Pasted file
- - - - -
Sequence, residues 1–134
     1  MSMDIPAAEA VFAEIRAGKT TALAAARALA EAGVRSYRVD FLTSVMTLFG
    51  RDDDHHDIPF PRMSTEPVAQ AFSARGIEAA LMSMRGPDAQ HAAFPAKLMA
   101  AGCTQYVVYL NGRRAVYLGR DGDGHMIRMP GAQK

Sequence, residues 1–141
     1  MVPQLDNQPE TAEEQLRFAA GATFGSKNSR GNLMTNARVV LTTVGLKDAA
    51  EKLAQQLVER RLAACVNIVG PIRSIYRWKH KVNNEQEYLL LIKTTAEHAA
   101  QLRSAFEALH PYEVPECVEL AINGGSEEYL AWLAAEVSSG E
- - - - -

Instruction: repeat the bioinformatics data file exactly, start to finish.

Sequence, residues 1–134
     1  MSMDIPAAEA VFAEIRAGKT TALAAARALA EAGVRSYRVD FLTSVMTLFG
    51  RDDDHHDIPF PRMSTEPVAQ AFSARGIEAA LMSMRGPDAQ HAAFPAKLMA
   101  AGCTQYVVYL NGRRAVYLGR DGDGHMIRMP GAQK

Sequence, residues 1–141
     1  MVPQLDNQPE TAEEQLRFAA GATFGSKNSR GNLMTNARVV LTTVGLKDAA
    51  EKLAQQLVER RLAACVNIVG PIRSIYRWKH KVNNEQEYLL LIKTTAEHAA
   101  QLRSAFEALH PYEVPECVEL AINGGSEEYL AWLAAEVSSG E